Well, what I do in my emulator probably wouldn't be very adaptable to Regen. I designed the structure of my emulator from the ground up to allow precise time comparisons to be made between cores. My emulator is driven by execution "steps" called timeslices. Each timeslice has a known length, and each core can determine its own progress through the current timeslice, and the progress of any core which it interacts with, at any point in time. A timestamp is a combination of a reference to a timeslice (which gives the length and position of the block of time in which the access occurred), and a time displacement (which gives the current progress of the core which is performing the operation through the timeslice). In this way, the timestamp isn't relative to any other core. A timestamp is represented in "real time" or "system time", with which the YM2612 is able to compare its own progress with.
You shouldn't need a system like that to solve this problem though. I really haven't looked at how other emulators like MAME and Gens manage synchronization issues, but all you should need is a running counter of some kind which you can directly relate to the Z80, M68000, and YM2612, and is high resolution enough to record the times you need. It could be as simple as a running cycle counter based on the system clock, as the clock for every chip will be a clean division from this clock source. You could store a copy of the counter indicating what it was up to the last time you advanced the YM2612 core, and from that stored value, you'll know when each buffered write should be committed.
In terms of the buffering itself, well, in my emulator I spent months designing and optimizing a generic thread-safe container to solve this problem. The container is like an array, except that it is able to store and return the correct value for any address over a range of time. When reading from or writing to the buffer, you pass a timestamp. The buffer itself has a "committed" baseline, which is just an array. On top of this, it stores a sorted list of writes that have occurred past the baseline. The YM2612 audio thread works from the baseline, and advances it in steps as it executes. As buffered writes are committed, the new value is written into the array. Reading committed data is as fast as reading from a raw array. Adding new writes to the buffer only requires adding a small structure to a linked list. Ad-hoc reads past the committed state are relatively slow (requires iteration of the buffer), but can be performed. I've only had to use them so far for the VDP when the external chip reads data from VRAM, which is a rare operation.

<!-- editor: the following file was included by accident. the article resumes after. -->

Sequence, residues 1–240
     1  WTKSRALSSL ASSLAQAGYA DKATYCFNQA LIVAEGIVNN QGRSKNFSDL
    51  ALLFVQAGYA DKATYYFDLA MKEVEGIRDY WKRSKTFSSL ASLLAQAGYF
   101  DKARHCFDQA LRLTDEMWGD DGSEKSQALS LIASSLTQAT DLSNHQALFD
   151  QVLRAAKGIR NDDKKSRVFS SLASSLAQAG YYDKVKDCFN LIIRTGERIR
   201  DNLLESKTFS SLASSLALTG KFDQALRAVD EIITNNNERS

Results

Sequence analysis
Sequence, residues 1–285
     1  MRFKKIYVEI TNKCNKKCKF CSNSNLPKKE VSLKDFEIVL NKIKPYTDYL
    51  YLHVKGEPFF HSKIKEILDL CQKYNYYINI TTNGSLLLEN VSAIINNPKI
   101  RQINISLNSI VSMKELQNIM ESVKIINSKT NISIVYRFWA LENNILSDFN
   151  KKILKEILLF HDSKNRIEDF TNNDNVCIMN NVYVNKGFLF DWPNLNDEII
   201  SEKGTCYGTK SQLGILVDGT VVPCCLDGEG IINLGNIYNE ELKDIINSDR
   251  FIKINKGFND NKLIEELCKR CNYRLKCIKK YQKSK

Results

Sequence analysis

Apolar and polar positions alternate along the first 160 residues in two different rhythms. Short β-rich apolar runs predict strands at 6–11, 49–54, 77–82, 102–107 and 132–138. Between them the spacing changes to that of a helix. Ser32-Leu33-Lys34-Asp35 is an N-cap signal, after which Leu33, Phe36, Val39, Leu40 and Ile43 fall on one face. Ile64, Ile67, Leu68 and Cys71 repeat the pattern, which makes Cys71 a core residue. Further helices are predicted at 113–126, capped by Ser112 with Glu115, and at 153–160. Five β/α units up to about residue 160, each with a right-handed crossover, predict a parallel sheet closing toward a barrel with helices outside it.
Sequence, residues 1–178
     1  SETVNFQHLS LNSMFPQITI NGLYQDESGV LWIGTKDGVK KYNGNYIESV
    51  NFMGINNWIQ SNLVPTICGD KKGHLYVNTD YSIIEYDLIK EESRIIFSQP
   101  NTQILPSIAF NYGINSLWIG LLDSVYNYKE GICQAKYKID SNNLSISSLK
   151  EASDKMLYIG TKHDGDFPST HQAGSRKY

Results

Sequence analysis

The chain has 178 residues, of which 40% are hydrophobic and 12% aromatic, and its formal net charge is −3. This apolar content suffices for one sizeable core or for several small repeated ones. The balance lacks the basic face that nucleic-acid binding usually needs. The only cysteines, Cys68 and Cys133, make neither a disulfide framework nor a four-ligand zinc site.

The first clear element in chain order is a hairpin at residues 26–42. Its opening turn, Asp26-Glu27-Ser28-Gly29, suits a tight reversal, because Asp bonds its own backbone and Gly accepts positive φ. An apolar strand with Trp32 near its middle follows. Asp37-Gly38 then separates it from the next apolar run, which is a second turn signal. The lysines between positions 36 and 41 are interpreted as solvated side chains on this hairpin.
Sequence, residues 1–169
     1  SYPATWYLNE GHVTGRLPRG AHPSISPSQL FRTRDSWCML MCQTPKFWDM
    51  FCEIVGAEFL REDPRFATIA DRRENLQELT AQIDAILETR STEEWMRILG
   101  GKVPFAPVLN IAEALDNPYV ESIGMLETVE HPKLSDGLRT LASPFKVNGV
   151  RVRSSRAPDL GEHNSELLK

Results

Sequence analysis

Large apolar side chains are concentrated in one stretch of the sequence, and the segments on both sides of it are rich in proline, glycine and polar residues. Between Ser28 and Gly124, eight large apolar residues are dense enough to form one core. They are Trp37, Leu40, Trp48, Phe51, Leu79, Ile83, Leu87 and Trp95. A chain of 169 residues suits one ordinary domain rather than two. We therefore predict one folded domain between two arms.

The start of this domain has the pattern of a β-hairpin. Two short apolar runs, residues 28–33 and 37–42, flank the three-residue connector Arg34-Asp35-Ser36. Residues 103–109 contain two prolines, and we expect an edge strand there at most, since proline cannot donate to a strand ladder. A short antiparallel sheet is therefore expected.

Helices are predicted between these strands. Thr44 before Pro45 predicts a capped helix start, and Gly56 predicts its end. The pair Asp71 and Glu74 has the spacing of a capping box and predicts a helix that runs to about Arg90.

I only designed a system like this because I wanted to be able to solve the "unsolvable" timing problems. It's allowed me to implement support for things like mid-line changes to VRAM, and even emulate the flicker bug on CRAM writes. It is VERY accurate, but it's also VERY slow. At this point in time, my emulator doesn't run full speed on a core 2 duo E6750, and that's with each active core running in a dedicated thread. You wouldn't want to try playing a game in it. My emulator is entirely focused on debugging, reverse engineering, hardware prototyping, etc. Being able to play games full speed would just be an added bonus. Maybe in a few years time.
Again, this is overkill for this particular problem. For DAC in Regen, I'd suggest a running cycle counter like I mentioned above, and a simple linked list which for each entry stores the cycle counter at the time of the write, and the new value written. The Z80 or M68000 add new entries to the list when they write to the DAC data register, and when you advance the YM2612, you read the entries in the list and apply them. The only things you'll need to do are probably sort the linked list by write time (in case M68000 and Z80 both try and access it), and deal with the case where the cycle counter overflows.